Mussina 2-hits Twins for 3-2 win Palmeiro 3-run HR powers O's ace to his 3rd straight victory

8-1 start is club's 2nd-best

Johnson sings praises of 'unhittable Moose'

April 13, 1996|By Buster Olney | Buster Olney,SUN STAFF

Mike Mussina has pitched three regular-season games for Davey Johnson, and the Orioles manager has seen enough to draw a conclusion.

"I've had some awfully good pitchers," Johnson said last night, after Mussina pitched a complete-game two-hitter and beat the Minnesota Twins, 3-2. "But I haven't had as much confidence [in the others] as I do in him."

More confidence than he had in Dwight Gooden in Gooden's glory years? More than he had in Jose Rijo?

"Moose just doesn't make mistakes," Johnson said. "Sometimes after 100 pitches late in the game, [pitchers] lose something off their fastball. With Moose, he's going to hit his spots, make his pitches and get people out."

And he wins games. Mussina is 3-0, tied for the most wins of any pitcher in baseball. The Orioles are all about superlatives now: They're 8-1, the second-best start in club history; they currently possess the best record in the majors; they hold a six-game lead over the defending AL East champion Boston Red Sox.

Rafael Palmeiro drove in all the Orioles runs with a three-run homer in the sixth inning off baffling Minnesota lefty Rich Robertson. Enough for Mussina.

He walked Chuck Knoblauch to start the game, gave up a bases-empty homer to Knoblauch in the fourth and another bases-empty homer to pinch hitter Scott Stahoviak in the ninth. That was it. No other hits, no other walks, no Orioles errors. Perfect.

At one point, he retired 16 straight hitters, and through eight in

nings, he had faced one batter over the minimum. Pitching coach Pat Dobson asked Johnson if he should get somebody throwing in the bullpen for the ninth inning. "What for?" Johnson replied.

As Mussina waited for the ninth to begin, he stood in the runway behind the dugout, wearing a black and orange jacket, looking down silently, rocking from side to side, looking like a boxer waiting for the last round to begin. Two outs into the ninth, the crowd of 42,602 stood and honored Mussina, and he retired Twins outfielder Matt Lawton to finish. He has pitched a one-hitter before, and this was the second two-hitter of his career.

"Mussina pitched a whale of a game," said Minnesota manager Tom Kelly. "He's pitching great. It's the second time we've had to face him in nine games [the other being last Sunday]."

Kelly paused.

"Lucky us."

Actually, it was Mussina who felt fortunate. He threw poorly as he warmed up in the bullpen before the game, drifting in his delivery. As he walked in from the bullpen, Dobson sensed that Mussina was worried.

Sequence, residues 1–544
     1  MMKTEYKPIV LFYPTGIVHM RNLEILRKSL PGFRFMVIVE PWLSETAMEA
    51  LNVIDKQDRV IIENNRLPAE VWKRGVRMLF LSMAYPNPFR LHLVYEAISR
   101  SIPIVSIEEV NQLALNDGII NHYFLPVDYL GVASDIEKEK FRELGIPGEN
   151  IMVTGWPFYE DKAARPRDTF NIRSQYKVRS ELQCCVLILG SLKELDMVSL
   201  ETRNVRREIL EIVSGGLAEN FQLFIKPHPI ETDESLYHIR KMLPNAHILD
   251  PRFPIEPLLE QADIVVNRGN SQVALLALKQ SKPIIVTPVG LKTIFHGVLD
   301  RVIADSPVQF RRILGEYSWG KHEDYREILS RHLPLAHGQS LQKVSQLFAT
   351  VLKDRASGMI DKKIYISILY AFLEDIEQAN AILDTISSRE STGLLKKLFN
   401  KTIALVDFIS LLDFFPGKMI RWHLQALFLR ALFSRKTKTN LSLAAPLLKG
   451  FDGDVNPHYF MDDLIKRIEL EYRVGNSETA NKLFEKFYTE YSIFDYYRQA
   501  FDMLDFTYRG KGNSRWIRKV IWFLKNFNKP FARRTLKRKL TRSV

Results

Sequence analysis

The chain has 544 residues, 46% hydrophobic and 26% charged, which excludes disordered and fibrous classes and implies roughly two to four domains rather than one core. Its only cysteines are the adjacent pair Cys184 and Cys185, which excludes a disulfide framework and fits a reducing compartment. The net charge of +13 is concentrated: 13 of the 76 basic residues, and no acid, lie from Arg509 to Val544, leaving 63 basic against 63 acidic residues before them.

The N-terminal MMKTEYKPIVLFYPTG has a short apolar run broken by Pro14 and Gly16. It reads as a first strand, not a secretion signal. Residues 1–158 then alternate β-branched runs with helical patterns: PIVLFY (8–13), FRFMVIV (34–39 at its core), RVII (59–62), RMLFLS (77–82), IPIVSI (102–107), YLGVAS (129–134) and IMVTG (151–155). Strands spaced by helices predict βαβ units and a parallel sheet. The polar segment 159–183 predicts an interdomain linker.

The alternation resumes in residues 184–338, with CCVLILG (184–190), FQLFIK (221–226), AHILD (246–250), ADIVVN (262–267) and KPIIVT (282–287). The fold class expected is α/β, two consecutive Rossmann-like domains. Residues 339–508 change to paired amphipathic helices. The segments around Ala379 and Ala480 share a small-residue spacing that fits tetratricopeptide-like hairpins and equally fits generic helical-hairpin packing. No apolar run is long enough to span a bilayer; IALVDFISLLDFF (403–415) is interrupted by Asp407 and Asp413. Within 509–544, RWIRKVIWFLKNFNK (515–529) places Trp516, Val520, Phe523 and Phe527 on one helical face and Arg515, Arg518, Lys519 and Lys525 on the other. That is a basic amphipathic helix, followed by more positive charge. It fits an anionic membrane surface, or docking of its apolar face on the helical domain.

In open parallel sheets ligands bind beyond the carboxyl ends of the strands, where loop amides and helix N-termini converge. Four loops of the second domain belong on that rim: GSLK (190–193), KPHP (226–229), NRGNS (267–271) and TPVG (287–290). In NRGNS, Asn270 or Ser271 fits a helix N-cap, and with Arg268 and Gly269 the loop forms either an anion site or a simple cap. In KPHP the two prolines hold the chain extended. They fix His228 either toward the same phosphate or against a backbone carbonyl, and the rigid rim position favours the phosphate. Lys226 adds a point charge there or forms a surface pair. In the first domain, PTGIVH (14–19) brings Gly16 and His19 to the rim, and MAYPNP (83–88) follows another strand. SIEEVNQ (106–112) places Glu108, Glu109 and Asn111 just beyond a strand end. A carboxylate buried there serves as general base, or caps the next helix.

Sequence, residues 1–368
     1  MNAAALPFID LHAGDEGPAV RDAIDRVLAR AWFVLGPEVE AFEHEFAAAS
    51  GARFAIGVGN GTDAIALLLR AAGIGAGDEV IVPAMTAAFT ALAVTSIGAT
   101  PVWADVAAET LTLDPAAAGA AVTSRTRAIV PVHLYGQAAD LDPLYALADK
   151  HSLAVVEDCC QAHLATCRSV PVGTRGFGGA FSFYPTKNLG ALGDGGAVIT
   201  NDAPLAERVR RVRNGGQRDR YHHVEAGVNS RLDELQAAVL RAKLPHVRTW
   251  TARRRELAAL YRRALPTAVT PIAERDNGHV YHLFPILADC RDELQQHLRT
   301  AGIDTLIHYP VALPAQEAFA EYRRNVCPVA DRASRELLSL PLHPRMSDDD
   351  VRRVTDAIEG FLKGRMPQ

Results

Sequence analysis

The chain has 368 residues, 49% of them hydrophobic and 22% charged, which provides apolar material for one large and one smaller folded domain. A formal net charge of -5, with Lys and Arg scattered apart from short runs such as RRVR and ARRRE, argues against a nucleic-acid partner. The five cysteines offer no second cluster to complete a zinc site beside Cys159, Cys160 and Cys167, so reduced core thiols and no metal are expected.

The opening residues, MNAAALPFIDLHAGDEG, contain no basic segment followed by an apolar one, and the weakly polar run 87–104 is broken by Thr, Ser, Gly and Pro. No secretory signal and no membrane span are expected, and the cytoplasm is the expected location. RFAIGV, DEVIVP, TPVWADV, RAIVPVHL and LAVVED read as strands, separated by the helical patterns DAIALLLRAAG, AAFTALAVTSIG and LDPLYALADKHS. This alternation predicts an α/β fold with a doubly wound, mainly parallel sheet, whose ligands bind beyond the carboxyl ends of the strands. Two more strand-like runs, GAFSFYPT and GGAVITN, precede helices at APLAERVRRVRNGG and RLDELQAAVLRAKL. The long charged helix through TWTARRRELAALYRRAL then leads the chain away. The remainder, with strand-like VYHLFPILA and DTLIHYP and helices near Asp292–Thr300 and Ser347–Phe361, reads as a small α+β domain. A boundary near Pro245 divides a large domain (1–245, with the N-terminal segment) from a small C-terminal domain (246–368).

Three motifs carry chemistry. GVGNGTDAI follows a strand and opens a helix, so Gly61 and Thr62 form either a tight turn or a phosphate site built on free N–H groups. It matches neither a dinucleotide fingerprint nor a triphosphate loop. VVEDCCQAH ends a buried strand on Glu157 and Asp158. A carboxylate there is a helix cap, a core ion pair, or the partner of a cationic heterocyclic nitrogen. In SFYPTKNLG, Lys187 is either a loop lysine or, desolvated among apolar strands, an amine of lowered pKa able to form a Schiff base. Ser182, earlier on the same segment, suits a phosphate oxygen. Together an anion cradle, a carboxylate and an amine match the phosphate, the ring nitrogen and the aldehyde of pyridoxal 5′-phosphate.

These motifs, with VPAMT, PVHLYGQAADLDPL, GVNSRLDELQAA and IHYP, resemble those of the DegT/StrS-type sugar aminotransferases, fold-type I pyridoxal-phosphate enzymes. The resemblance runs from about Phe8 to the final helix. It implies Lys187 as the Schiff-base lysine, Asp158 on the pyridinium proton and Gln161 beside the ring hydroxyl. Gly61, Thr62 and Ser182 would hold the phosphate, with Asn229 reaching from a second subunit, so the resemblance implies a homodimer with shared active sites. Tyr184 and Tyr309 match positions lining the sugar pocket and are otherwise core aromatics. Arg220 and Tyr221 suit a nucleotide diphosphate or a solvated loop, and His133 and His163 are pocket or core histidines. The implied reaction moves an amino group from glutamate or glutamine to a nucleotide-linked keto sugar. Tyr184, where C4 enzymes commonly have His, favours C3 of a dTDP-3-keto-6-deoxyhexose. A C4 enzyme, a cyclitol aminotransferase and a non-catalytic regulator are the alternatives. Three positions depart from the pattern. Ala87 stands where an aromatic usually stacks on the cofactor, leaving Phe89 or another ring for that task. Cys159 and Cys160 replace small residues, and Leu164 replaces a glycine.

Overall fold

"But I wasn't," Dobson said, smiling wryly.

Dobson had watched Mussina dominate the Twins April 7 with an extraordinary fastball. A midseason fastball, Mussina later called it.

He didn't have that fastball last night, and he didn't have the great curveball. So he changed styles, as a boxer switches from right-hander to a southpaw in the middle rounds. "I had to come up with something else," Mussina said. "I took something off the fastball and dumped some curves, and -- as it turned out -- I made some good pitches."

Mussina pitched in and out of the strike zone, up and down. Sometimes, he missed. "They hit some fly balls, and just missed some pitches," Mussina said. "I got lucky sometimes."

Sure. So does Greg Maddux and Randy Johnson.

"Mussina was just awesome," Johnson said. "Moose was just unhittable."

As good as Mussina was, the Orioles were struggling to get him some runs.

On Thursday, former Cy Young Award winner Orel Hershiser started for Cleveland and the Orioles pummeled him as if he were some Double-A reject. Homers by Tony Tarasco and Brady Anderson, runners parading around the bases, nothing working for Hershiser. The O's vs. Orel was such a mismatch that Johnson felt compelled, out of deep and longtime respect for Hershiser, to say he felt sorry for the 37-year-old.

What could Twins left-hander Rich Robertson, 27 years old and in just his seventh major-league start, do against the Orioles that Hershiser couldn't do?

For five innings, just about everything.

Robertson pitched effectively against the Orioles in Minnesota last weekend, allowing two runs in six innings. He walked five, too, and last night he had better control. Robertson changed speeds and mixed his pitches well, and it was all the Orioles could do to get a ball to the outfield.

Robertson struck out Cal Ripken and Chris Hoiles in the second inning, surrendered a one-out single to Jeffrey Hammonds in the third (the Orioles' first hit), and then got Roberto Alomar to hit into a double play. Fourth inning, almost the same thing: Bobby Bonilla singled with one out, and this time it was Ripken -- Alomar's double-play partner, appropriately enough -- who bounced into a double play.

The left-hander needed a total of 14 pitches to get through the fourth and fifth innings, and the Orioles had hit only three balls out of the infield. Robertson, 6-foot-4, 175-pound wisp of an obstacle between the Orioles and their second-best start in club history.

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